Mad River Explorer 16 is a pretty versatile boat. It carries enough for overnight trips, stable enough so that your dog won’t send you over when it moves and you can turn it around and paddle solo.
Not the greatest solo boat, but it’s not impossible to paddle solo, in fact I use mine solo about 1/3 of the time.
Another choice would be a Prospector 16 model. Nearly every canoe manufacturer has a Prospector in their line (oddly enough all seem to claim that THEIRS is the closest the the original Prospector).
A Nova Craft PAL might also be worth looking into.
I can’t begin to imagine how much money I would have saved over the course of my life if I had bitten the bullet and bought the best first (I’m talking about everything not just canoes) instead of never being quite satisfied and trading. The biggest problem with that, is knowing what your idea of best really is. Nothing beats experience. If I may suggest, spend a lot of time “test driving” the models you are considering. There are dealers who do “try outs” with customers. There are clubs, which will have members that will let you try their canoe. We have a dealer here in Southern Indiana that regularly has people sign up then take the boats listed to a local lake for try-outs.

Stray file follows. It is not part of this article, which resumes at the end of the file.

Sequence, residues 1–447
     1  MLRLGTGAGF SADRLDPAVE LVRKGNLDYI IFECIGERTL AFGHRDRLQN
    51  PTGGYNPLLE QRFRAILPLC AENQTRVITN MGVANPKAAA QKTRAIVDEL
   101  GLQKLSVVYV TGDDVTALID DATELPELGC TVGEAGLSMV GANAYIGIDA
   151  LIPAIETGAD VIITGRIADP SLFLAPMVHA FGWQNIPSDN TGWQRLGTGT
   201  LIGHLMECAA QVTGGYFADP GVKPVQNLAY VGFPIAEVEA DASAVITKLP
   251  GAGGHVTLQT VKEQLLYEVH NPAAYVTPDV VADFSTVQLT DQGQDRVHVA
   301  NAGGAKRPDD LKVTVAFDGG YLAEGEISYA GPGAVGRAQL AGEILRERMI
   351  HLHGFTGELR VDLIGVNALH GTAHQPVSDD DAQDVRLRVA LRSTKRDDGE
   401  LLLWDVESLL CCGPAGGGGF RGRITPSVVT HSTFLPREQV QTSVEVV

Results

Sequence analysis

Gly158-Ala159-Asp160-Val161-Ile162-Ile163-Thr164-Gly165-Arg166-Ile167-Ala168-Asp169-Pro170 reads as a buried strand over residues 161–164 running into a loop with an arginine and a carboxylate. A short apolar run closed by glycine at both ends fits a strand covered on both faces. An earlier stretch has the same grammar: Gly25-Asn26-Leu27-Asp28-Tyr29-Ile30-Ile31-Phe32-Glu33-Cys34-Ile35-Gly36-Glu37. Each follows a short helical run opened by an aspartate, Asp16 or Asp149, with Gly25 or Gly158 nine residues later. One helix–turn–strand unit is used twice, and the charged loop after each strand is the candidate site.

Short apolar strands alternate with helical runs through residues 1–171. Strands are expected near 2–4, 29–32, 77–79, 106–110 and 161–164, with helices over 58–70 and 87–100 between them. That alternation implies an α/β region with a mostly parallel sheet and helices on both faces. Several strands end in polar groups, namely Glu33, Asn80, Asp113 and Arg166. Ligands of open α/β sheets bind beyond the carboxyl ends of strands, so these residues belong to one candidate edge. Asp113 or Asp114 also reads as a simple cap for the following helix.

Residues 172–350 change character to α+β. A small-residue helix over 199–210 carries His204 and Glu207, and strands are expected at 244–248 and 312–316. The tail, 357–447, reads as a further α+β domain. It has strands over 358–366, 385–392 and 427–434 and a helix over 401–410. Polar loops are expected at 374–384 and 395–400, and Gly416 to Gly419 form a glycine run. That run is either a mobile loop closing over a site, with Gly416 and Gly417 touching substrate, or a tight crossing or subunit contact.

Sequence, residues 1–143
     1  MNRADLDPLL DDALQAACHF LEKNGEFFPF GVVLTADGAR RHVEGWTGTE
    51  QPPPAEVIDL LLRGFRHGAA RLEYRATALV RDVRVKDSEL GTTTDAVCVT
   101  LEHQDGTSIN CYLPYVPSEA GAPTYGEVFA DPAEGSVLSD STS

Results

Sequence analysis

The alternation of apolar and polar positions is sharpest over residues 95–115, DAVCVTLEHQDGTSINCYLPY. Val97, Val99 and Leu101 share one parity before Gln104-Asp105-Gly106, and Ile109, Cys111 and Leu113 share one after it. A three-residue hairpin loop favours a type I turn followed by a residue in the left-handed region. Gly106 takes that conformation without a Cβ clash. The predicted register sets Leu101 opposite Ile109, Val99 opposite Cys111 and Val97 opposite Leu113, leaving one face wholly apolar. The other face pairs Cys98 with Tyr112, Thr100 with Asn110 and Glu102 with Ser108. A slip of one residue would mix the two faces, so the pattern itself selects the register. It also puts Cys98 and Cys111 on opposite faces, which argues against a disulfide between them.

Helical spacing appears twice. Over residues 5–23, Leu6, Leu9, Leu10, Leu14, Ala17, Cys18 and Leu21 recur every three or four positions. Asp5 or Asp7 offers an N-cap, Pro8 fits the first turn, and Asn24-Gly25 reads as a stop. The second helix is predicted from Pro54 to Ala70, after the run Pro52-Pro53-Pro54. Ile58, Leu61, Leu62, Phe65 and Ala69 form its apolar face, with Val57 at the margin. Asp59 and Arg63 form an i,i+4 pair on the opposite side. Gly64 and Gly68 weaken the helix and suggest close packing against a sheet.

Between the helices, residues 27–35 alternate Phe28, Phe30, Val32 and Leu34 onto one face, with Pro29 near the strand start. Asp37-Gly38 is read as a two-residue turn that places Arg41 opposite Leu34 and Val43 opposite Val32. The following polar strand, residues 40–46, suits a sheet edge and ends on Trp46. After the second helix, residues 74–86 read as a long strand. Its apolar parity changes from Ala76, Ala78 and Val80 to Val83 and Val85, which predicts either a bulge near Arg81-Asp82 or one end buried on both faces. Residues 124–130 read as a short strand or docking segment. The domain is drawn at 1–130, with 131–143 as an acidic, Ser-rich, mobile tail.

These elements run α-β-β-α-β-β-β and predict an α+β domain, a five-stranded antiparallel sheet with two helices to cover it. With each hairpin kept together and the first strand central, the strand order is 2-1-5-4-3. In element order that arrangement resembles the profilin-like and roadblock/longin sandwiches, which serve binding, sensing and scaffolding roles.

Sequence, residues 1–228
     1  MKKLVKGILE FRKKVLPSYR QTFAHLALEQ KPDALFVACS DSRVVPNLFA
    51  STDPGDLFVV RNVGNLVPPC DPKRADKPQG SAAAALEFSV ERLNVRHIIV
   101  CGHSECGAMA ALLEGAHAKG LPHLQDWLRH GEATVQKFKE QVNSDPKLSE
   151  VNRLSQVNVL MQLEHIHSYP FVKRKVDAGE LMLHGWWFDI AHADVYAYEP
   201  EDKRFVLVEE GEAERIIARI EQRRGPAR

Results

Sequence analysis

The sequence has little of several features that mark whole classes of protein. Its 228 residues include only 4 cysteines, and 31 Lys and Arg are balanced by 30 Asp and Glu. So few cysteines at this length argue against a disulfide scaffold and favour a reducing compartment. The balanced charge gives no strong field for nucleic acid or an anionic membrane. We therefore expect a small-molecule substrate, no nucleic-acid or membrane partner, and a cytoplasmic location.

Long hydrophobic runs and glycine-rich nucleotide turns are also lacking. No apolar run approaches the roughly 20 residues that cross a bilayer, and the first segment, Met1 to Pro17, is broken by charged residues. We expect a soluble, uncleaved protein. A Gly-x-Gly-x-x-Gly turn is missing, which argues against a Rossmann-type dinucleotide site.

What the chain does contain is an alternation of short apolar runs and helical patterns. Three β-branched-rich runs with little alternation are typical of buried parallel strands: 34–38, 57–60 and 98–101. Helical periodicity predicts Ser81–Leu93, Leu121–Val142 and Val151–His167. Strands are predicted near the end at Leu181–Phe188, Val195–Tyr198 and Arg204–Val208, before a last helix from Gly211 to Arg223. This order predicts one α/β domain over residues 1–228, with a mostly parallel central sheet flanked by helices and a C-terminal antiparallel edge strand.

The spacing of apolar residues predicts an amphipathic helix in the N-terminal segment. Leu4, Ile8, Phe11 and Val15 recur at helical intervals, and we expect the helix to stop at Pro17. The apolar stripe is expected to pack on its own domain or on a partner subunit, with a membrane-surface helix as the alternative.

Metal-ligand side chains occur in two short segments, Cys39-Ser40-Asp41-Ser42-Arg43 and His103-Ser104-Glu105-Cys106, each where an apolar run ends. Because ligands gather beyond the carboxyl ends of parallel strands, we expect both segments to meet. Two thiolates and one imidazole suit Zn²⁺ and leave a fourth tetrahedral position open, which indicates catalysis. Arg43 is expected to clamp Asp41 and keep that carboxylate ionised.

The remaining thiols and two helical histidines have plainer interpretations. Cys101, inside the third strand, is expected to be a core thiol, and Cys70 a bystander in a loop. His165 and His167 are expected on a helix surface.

There are a LOT of good used canoes out there for sale. (check the adds on this forum) A lot of outfitters like Piragis replace their fleet every year. You may be able to afford a lot more expensive canoe than you think if you get a good one second hand.
As to length, if you have your canine companions with you, to trim down your bow, and assuming they will stay up front where you put them, I think you will find that the 17’ trippers will solo just fine, also assuming that we are talking flatwater. If you are going to do classified rivers, 17’ is probably to long to solo, al least for most of us. I’m a flatwater tripper, and hated the only short canoe I ever had. Longer is faster, more stable, and tracks better for tripping. It also gives more room between casters when fishing, of particular value with the fly rod.
I really agree with the suggestions of replacing the seats on your 158 with web or cane if you aren’t going to replace the 158 soon, or, if you kneel a lot forgoing the seats & setting on a duffle when not kneeling. Just make sure the significant other is comfortable with that before doing it up front. (actually should be fairly easy to rig with wing nuts so you can switch back & forth)
Having said all of the above, and as much as I love my Northwind, If I were going to buy a new canoe right now it would be a Bell Saliga Tripper(17’), even if I had to save for a very long time.
you already own it …
There are boats that are better than the 158, but since you already own one, I’d second the recommendation that you swap out the tractor seats.
If you have basic woodworking seats, you could even make your own for next to nothing.
Sure, you could spend more money and get a faster, sleeker, or lighter boat, but if a new boat isn’t in your budget and you can handle the weight and it’s “relatively” lower performance, why bother?